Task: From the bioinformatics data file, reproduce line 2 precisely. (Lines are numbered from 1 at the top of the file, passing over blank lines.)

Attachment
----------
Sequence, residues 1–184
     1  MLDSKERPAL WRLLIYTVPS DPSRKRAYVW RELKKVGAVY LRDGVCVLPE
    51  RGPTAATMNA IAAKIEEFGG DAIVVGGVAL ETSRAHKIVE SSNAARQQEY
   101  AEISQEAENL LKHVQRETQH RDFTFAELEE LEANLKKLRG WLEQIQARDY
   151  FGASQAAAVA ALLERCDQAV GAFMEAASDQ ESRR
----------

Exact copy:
     1  MLDSKERPAL WRLLIYTVPS DPSRKRAYVW RELKKVGAVY LRDGVCVLPE